The Virginia State Capitol. (Ned Oliver/Virginia Mercury)
An anti-hazing bill, inspired by the death of a Virginia Commonwealth University freshman last year, passed a major hurdle Wednesday when the state Senate unanimously approved the legislation, known as “Adam’s Law.”
Adam Oakes, a 19-year old freshman from Sterling, died of alcohol poisoning in February 2021 after his family says he was told to consume the equivalent of 40 shots of whiskey at a VCU Delta Chi fraternity party. Oakes was found dead in a house on Clay Street the morning after the party, and the subsequent investigation led to 11 men being indicted on misdemeanor hazing charges.
SB439, which passed on a 38-0 vote, is intended to educate both students and university officials on the realities of hazing.
Sen. Jennifer McClellan, D-Richmond, and Sen. Jennifer Boysko, D- Fairfax, co-sponsored the legislation. The bill requires universities to provide “extensive, current and in-person education and information on hazing to all members and new members” of student organizations.
The bill also provides immunity from some disciplinary actions for students who report hazing incidents “in good faith” and requires university officials to provide a public report of all hazing incidents.
Del. Kathleen Murphy, D-Fairfax, has filed a companion bill in the House of Delegates, which has been referred to the higher education subcommittee. The bill has garnered eight Democrat co-sponsors.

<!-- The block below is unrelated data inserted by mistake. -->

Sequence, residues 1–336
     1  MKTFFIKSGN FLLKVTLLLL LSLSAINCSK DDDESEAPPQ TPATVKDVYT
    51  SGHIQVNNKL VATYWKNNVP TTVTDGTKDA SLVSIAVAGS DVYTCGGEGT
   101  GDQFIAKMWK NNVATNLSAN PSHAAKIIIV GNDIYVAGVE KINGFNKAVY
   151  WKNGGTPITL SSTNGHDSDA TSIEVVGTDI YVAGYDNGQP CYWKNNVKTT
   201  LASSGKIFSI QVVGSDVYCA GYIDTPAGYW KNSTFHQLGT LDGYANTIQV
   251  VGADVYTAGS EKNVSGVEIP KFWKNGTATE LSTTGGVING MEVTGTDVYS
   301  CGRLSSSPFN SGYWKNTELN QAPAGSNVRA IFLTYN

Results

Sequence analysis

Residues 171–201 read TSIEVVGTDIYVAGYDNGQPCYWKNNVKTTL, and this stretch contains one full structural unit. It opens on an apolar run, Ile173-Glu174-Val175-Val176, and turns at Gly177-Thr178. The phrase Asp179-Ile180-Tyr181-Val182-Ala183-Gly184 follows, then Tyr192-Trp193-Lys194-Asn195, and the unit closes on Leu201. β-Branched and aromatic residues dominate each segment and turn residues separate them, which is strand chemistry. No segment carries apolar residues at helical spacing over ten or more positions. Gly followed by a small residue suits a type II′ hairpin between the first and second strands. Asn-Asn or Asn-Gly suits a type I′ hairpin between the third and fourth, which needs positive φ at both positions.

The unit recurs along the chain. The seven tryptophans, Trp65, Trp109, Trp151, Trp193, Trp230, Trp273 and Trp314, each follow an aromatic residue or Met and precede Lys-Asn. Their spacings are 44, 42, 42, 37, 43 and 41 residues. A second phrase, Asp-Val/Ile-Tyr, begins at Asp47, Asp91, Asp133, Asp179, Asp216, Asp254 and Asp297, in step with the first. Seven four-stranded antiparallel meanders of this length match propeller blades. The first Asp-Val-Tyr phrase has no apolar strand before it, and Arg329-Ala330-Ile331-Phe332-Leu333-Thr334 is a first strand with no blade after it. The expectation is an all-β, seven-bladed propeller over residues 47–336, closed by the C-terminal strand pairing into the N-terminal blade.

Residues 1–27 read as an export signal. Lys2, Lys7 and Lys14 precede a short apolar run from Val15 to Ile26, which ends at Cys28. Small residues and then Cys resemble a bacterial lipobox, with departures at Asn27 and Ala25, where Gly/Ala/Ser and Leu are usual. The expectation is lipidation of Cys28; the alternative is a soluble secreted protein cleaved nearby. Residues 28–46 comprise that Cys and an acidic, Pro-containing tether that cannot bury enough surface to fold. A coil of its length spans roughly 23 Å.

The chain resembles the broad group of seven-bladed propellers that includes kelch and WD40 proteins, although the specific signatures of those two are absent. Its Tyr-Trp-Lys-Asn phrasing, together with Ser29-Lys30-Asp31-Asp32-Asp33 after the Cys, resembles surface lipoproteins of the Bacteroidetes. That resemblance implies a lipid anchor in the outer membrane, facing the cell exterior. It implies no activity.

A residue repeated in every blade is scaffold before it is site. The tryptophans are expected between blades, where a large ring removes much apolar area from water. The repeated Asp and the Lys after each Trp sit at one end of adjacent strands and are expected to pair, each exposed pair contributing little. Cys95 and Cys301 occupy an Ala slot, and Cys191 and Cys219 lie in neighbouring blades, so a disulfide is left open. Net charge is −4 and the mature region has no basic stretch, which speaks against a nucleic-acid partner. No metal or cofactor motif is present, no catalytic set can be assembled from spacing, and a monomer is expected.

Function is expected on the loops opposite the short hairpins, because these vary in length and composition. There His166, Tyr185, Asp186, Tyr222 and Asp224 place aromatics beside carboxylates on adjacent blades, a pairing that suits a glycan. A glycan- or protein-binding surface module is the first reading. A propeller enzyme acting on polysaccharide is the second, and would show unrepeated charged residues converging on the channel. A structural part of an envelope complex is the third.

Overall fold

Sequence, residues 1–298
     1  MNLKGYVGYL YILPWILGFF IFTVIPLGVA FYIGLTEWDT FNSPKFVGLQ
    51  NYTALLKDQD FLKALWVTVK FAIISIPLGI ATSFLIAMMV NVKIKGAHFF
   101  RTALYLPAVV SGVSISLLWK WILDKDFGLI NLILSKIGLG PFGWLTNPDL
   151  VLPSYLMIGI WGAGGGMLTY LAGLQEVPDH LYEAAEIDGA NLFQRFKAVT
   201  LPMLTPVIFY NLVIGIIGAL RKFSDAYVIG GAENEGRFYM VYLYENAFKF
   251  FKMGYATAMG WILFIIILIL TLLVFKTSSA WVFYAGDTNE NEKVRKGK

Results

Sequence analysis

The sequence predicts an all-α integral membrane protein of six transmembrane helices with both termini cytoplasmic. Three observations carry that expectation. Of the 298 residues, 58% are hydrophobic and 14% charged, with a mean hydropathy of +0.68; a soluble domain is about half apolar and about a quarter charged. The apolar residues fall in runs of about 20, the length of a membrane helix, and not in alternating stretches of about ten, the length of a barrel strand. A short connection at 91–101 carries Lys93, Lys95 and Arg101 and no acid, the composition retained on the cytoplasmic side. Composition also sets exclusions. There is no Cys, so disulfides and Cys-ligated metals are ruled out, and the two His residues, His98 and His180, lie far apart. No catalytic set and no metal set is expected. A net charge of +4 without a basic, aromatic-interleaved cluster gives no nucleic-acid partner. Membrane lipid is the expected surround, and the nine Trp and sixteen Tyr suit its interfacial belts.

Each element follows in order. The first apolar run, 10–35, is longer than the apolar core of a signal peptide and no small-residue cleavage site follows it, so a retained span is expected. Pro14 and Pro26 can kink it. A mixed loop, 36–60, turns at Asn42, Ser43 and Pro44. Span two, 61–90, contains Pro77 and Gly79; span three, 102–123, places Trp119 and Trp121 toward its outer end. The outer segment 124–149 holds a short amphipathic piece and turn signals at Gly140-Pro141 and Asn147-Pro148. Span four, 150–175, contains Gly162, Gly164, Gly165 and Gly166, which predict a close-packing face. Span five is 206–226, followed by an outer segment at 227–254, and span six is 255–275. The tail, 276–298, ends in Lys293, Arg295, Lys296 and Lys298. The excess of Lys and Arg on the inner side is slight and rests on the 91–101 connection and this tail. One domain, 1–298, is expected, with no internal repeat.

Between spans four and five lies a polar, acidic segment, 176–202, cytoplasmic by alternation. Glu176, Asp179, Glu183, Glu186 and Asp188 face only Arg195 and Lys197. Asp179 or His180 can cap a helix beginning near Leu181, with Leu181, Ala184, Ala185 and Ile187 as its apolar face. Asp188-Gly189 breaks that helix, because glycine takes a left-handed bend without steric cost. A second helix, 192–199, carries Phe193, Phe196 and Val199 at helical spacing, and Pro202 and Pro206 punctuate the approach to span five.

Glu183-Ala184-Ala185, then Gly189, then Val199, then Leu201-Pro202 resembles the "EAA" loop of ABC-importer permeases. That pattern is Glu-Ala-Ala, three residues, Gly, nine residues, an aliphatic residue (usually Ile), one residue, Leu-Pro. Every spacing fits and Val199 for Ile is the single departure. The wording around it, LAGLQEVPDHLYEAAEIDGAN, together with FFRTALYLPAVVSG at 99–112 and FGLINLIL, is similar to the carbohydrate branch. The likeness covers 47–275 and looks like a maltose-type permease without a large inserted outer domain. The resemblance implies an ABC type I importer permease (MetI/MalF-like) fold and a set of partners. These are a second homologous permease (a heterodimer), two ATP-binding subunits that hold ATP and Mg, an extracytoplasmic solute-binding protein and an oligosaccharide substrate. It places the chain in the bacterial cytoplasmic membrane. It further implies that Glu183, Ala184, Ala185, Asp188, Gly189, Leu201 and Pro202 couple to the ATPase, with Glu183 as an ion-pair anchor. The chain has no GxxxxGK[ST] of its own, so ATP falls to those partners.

McClellan said there had been concerns among university officials that they could be held responsible for student actions that they had no control over. Oakes’ family has contended that if the fraternity advisor had been present, he would still be alive.
“Senator Boysko has been working with them to try to address their concerns to a point, but we send our kids to college expecting that they would be safe,” McClellan said.
The bill that passed the Senate Wednesday bill was the first of two pieces of legislation inspired by Adam’s death. A second bill makes hazing a Class 5 felony if it results in death or serious bodily injury.
The legislation criminalizing hazing could face greater scrutiny, McClellan said Wednesday, although she is “cautiously optimistic” that it will pass. Increasing the penalty for a hazing violation is a tougher task than mandating education, she said.
Oakes’ cousin, Courtney White, said the family knew the system needed more than mandated hazing education when they found out the 11 men charged in Adam’s death were being prosecuted for misdemeanors.
“We knew right then and there when we found that out that we needed to change that penalty,” White said. “It should never be a misdemeanor to haze someone to the point of death.”
White, along with Oakes’ father Eric Oakes, were present for the Senate vote Wednesday. The pair has been actively lobbying for tougher hazing laws since Adam’s death, and White said they realized many college students did not understand the array of activities that could constitute hazing.
“They have devoted their lives to try to make a change to try to prevent another tragedy,” Boysko said.
Oakes said his son had been the type of kid to light up a room with his smile. He was a faithful role model for his second cousins in their neighborhood and wanted to study mass communications or sports marketing, his dad said.
“I love him, I miss him, and his death didn’t go in vain,” said his father. “We’re hopefully going to save some lives with this law and deter people from doing this again.”
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